Its ‘Green Book’, the internal manual used to decide which projects receive funding and which do not, is biased against long term decision making. This means that the rules would, for example, tend to favour something like investment in road-widening – since this produces an immediate benefit to drivers – over investment in new public transport – since this will produce its benefits (including lower emissions) only over a longer period of time. In practice, environmentally critical projects end up being deprived of funding.

What’s more, the department’s internal belief system, the ‘Treasury View’, first laid out in the 1930s, prioritises short-term funding through taxation (“balancing the books”) over the long-term need to finance important investments through borrowing. In this way, the austerity program implemented by the Tories over the last decade was the pure application of the Treasury View, which saw the government plough on with its brutal spending cuts regardless of the harm they were inflicting. 

Getting behind borrowing.

The Treasury’s contribution to the government’s plans does, at least, recognise that the potential costs of failing to act will, by 2050, be larger – in terms of financial losses – than actually doing something. However, the department’s own biases ultimately undermine this recognition, with the Treasury insisting that the government should not borrow money to finance its planned environmental expenditures, ironically citing the costs it will impose on “future generations”.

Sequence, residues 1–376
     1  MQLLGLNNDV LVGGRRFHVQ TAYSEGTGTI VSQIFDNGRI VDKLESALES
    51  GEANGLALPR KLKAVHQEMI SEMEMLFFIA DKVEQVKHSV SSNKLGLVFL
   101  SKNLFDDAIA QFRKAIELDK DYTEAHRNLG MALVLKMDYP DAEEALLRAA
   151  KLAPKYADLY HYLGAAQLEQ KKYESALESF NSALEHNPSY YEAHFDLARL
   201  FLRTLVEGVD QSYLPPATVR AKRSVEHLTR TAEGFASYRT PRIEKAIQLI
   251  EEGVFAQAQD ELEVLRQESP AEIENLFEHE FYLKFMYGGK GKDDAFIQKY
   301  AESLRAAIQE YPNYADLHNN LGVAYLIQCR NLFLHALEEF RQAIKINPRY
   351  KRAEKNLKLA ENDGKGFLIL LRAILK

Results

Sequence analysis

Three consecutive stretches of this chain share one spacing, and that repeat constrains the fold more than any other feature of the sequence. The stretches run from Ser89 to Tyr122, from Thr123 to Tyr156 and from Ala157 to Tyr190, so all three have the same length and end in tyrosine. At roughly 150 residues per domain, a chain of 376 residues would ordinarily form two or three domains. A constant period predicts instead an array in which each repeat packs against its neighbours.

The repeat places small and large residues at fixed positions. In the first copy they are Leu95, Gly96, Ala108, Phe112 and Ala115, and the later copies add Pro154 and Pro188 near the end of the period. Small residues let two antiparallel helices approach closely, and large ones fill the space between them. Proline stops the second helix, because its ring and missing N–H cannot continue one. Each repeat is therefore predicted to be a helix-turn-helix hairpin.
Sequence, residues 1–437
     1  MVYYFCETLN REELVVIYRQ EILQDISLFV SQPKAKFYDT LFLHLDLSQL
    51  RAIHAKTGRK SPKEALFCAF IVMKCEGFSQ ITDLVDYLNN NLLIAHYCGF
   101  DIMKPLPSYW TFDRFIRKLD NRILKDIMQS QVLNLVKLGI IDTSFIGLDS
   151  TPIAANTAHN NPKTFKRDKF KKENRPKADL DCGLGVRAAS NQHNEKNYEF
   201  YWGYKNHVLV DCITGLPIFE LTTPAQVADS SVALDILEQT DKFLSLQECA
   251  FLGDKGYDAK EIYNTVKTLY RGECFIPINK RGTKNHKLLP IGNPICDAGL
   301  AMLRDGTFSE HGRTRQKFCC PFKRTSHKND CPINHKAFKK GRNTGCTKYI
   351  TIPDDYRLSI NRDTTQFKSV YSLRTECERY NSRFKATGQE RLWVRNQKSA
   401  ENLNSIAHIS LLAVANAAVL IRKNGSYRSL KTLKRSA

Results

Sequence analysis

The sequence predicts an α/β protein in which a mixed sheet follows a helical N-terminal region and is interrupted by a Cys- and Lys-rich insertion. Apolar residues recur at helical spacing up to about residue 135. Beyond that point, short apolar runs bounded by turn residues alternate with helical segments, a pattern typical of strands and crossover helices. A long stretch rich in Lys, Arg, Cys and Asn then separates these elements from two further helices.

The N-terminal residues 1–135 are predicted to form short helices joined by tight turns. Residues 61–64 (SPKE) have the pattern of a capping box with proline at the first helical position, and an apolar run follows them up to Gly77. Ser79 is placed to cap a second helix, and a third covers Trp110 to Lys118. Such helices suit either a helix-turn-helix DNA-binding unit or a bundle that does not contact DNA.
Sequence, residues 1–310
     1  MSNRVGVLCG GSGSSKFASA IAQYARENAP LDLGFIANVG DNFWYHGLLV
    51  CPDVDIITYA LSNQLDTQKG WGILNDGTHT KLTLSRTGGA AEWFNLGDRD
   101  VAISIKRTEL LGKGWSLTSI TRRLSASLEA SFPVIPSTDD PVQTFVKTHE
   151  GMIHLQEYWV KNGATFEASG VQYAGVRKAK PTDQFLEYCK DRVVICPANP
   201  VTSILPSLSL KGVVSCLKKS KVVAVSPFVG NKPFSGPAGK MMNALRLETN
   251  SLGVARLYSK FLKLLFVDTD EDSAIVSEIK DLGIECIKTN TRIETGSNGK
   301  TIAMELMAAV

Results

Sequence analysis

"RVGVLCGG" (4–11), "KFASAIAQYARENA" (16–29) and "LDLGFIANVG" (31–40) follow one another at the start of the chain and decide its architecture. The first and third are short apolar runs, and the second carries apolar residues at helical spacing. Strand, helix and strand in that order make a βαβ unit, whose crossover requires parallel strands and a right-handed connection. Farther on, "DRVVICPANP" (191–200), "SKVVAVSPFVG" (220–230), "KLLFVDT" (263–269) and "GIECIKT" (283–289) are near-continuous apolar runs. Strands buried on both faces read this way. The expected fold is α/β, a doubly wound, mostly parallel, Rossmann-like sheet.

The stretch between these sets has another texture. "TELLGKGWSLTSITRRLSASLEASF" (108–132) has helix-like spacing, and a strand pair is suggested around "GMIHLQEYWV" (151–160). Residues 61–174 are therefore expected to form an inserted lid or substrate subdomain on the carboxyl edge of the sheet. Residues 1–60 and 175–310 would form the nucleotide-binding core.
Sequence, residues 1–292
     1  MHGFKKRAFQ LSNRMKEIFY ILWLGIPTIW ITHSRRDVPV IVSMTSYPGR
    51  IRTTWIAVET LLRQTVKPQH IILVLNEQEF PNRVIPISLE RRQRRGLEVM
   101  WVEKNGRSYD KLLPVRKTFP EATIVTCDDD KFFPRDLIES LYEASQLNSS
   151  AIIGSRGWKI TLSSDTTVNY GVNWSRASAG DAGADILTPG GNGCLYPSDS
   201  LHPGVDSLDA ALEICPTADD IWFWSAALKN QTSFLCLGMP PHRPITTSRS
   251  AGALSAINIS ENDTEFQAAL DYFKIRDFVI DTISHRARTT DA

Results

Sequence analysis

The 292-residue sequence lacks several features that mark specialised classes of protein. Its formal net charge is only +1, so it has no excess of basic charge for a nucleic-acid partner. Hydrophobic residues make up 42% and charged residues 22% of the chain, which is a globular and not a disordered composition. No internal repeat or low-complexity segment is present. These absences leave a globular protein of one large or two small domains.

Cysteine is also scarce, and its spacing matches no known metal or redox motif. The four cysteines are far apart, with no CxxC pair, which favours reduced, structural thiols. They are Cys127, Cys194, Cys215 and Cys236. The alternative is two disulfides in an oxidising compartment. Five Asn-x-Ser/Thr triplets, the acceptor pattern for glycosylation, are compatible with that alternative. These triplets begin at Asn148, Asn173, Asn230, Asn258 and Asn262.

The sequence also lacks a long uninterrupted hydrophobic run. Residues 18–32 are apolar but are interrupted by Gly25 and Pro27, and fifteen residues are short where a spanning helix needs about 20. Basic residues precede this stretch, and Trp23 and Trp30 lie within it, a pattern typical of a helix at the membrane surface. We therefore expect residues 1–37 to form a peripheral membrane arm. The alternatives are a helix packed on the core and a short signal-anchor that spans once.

This, of course, is nonsense. Any plausible forecast for the amount of damage climate change will cause in the future is vastly bigger than any plausible costs incurred by additional government borrowing. It’s an excuse for inaction by the Treasury – and comes at a time when the real cost of borrowing for the government, once you allow for inflation, is negative – in other words, lenders will (in effect) pay the government for the privilege of lending it money. The government, right now, should be borrowing something around £30bn a year, every year for at least a decade, to finance the costs of decarbonisation – and it can do so at exceptionally low rates of interest.

Instead, the Treasury thinks the costs of decarbonisation should be borne through taxation. But it’s unlikely that enough money could be raised through taxation to cover the costs – and, with this government cutting taxes for banks while hiking taxes on workers, it’s obvious it won’t be chasing the worst polluters or the biggest corporations to get them to pay their due. 

Unless the Treasury’s attitude towards borrowing changes, the rest of the government’s decarbonisation strategy is futile. If it doesn’t have money to carry out its plans, no plans will be carried out. And we definitely can’t rely on the private sector to act fast enough, or on a large enough scale, since it cares far more about short-term profits than it does the long-term gains for society. Market-based solutions, like “emissions trading” have failed to deliver meaningful reductions in greenhouse gas emissions. The problem is too serious to be left to the profit motive; the government must step in to deliver the investment we, and the planet, desperately need. 

James Meadway is an economist and Novara Media columnist.